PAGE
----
A recent post on Andy Revkin’s Dot Earth blog—entitled “Poop is Funny, But It’s Fatal
”—highlights a UNICEF
World Water Day video about the necessity of destigmatizing human waste. Bacterial infections caused by contact with human waste kill 1.5 million people every year
—most of them children. The stakes are high. The film uses kids and humor—two good ingredients for education through entertainment—to explain the importance of sanitation. The film emphasizes that although we may not like talking about feces, urine, toilets, and the like, we need to because the fact that 2.6 billion of us lack adequate sanitation is a fundamental threat to human health, productivity, and dignity
. It’s a short film—YouTube friendly—and these are complex links, but they are key to understanding the need to invest in available technologies
The UNICEF video rightly emphasizes the additional costs of lack of sanitation, noting that girls often won’t attend school if there isn’t adequate sanitation. The benefits of attending school longer include higher educational attainment, of course, but also the less-obvious knock-on effects: These young women are more likely to know and assert their rights in the household; they are more likely to earn more income; they often choose to have smaller families and better-spaced births, and are consequently able to concentrate their resources on the well-being of those children; their children are more likely to be better-educated—the list goes on.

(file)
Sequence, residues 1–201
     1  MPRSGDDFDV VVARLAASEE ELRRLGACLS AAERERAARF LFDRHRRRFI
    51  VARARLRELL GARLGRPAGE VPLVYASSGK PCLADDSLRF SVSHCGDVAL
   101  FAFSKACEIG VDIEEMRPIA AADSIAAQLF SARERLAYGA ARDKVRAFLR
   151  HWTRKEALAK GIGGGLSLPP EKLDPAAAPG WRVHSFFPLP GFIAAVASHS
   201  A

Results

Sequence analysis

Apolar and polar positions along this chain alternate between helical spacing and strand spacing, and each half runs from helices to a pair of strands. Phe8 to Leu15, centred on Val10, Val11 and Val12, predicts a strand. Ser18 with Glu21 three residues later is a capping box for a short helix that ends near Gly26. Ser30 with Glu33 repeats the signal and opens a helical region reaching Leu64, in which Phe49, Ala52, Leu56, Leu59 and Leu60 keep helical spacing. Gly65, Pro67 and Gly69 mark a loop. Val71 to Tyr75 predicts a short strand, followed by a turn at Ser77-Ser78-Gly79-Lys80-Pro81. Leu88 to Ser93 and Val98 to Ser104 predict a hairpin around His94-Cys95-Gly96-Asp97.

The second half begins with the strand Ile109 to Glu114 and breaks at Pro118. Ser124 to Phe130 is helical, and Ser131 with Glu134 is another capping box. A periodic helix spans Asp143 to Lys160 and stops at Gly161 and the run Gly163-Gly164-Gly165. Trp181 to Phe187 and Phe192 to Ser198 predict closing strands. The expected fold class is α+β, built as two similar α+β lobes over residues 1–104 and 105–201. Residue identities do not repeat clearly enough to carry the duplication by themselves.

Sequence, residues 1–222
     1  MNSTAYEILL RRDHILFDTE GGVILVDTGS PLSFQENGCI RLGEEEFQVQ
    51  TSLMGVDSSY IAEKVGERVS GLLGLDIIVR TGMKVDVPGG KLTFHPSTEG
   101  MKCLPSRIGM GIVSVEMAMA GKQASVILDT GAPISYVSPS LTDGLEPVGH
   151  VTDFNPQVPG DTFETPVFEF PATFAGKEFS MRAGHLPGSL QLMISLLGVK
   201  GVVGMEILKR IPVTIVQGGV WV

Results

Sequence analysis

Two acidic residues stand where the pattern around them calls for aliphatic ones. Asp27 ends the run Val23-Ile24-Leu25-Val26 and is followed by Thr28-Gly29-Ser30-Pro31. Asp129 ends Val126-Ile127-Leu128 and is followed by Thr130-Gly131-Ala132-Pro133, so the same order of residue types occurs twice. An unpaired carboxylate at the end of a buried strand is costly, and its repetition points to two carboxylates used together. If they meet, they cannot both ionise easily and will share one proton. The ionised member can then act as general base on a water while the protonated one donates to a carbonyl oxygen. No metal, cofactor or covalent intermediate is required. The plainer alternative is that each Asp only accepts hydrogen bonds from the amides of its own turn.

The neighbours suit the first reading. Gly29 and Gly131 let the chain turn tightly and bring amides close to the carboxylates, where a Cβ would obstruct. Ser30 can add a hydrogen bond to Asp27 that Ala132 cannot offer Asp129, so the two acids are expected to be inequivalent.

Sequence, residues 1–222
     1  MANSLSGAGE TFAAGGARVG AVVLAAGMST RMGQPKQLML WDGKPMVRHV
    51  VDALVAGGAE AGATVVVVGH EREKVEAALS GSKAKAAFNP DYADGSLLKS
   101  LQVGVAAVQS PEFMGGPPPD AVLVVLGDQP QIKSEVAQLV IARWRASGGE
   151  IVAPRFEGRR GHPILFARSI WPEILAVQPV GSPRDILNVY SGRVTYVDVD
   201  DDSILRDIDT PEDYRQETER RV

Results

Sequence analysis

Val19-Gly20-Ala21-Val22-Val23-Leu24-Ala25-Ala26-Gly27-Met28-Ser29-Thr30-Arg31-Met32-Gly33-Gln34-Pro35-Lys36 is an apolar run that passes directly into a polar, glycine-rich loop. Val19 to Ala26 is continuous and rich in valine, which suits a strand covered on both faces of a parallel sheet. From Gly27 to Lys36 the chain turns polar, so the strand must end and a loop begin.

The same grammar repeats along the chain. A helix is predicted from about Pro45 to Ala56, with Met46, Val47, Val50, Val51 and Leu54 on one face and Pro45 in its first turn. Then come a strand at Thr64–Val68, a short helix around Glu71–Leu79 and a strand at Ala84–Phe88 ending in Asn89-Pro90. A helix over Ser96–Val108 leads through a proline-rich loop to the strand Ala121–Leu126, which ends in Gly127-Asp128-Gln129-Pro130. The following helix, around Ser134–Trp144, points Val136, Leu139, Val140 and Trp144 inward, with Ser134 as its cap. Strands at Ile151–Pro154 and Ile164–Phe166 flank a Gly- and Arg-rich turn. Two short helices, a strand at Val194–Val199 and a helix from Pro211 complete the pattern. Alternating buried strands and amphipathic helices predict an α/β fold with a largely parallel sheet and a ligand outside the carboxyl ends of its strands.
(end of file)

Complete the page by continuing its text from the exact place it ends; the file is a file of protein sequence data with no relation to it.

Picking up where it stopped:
The video leaves unspoken another sensitive topic: When adolescent girls begin to menstruate, they often either choose not to come to school or their parents (usually the father) pull them out of school if there aren’t “adequate” and separate facilities. This timing often correlates with young women’s assumption of greater responsibilities in the household, but it is also about the stigma associated with menstruation.
I’ve seen the connections between sanitation, education, and women’s equality have tremendous resonance with what is presumably a primary target audience of the UNICEF film—leaders in donor, government, and civil society communities who can mobilize resources. This example illustrates the urgency of overcoming the stovepiping that plagues so many development efforts, which often tackle education, economic growth, sanitation, and human health in isolation from one another, rather than in an integrated fashion. This year, the International Year of Sanitation, we should all make an effort to step out of our comfort zones and speak out about these “taboo” topics.